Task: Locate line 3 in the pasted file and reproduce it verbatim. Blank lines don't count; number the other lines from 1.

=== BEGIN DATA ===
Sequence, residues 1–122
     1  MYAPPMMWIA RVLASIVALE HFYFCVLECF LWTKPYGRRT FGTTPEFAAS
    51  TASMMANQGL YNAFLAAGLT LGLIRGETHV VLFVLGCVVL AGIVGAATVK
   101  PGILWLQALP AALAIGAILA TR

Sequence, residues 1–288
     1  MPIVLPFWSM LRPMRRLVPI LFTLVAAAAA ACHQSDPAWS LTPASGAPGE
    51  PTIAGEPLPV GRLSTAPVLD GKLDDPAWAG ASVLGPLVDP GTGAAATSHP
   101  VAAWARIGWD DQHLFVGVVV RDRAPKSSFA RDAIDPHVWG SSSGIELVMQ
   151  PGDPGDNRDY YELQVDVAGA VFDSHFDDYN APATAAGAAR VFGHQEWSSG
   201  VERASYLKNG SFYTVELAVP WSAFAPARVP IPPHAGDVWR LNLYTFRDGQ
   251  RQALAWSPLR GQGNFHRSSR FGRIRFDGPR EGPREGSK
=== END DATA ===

    51  TASMMANQGL YNAFLAAGLT LGLIRGETHV VLFVLGCVVL AGIVGAATVK